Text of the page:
Not that things are a bed of roses in other countries: A survey of 2,000 mothers and 500 managers in the U.K. found that 60 of female respondents there felt that they had been "sidelined" at work after announcing their pregnancies, and 40 percent of managers surveyed admitted having to think carefully about hiring a woman of child-bearing age.

Although there are many successful women in large corporations, the obstacles that still lie in women's career paths really hold them back. There is hope, however, for recent graduates and those of us who have been working on our careers for a number of years -- and that hope lies in the startup community.

How startup culture is empowering women

Startups today are taking a huge step toward equality and the empowerment of female employees. They're fostering cultures that pull down the old paradigms, and create an open and meritocratic space for everyone to develop his or her skills. And that means that women entrepreneurs -- especially those with children -- can more easily move forward in their careers and show the world what they're all about.

Startup culture is one that is generally freer and more accepting of irregular hours and work locations, and both women and men with families benefit. In my own case, working in a startup has enabled me to schedule my work around family life (rather than the other way around).

This is the sort of supportive working environment that's hard to come by in long-established corporations. Yet workday flexibility allows both my husband and me the freedom to work without making that tough choice between career and family that many couples face.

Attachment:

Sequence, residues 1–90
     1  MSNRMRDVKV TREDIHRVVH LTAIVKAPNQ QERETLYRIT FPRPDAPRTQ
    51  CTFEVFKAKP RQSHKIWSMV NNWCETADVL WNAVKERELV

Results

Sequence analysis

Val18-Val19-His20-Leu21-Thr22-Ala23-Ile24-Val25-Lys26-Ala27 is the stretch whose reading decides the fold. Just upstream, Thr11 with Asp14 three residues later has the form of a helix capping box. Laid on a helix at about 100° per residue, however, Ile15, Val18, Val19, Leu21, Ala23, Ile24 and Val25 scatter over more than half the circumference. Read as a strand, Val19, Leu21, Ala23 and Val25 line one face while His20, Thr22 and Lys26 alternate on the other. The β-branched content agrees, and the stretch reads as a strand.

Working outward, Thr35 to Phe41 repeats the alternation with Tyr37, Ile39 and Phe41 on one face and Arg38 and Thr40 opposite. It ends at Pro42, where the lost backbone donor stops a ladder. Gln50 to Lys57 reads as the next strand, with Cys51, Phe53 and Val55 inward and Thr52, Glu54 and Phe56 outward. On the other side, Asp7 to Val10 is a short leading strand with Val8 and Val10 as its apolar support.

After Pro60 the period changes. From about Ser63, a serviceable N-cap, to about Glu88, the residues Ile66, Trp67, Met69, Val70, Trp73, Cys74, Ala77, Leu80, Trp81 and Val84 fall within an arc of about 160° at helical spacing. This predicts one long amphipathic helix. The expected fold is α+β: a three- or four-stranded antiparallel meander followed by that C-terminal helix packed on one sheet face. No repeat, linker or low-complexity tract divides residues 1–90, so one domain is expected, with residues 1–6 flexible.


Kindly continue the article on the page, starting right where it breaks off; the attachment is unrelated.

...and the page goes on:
Startups also have a burgeoning culture of openness. This was underlined earlier this year by news of a trend of startups' workers tweeting their salaries under the hashtag #talkpay. Promoting transparency in this way and to this degree is something quite unheard of in the corporate world.

In fact, startup attitudes are changing and online movements like that of the salary tweets will inevitably lead to greater fairness and accountability across the board.

In startup culture, the big buzzword is innovation. Can you make the move from the corporate work to a startup environment? That depends on your motivation and determination. But the most important quality you can demonstrate to your new employer is adaptability and the willingness to put forward your ideas -- no matter how small or new those ideas may be.

So how do you set out on your own?

If you want to take the entrepreneurial route, you will need a different mindset altogether: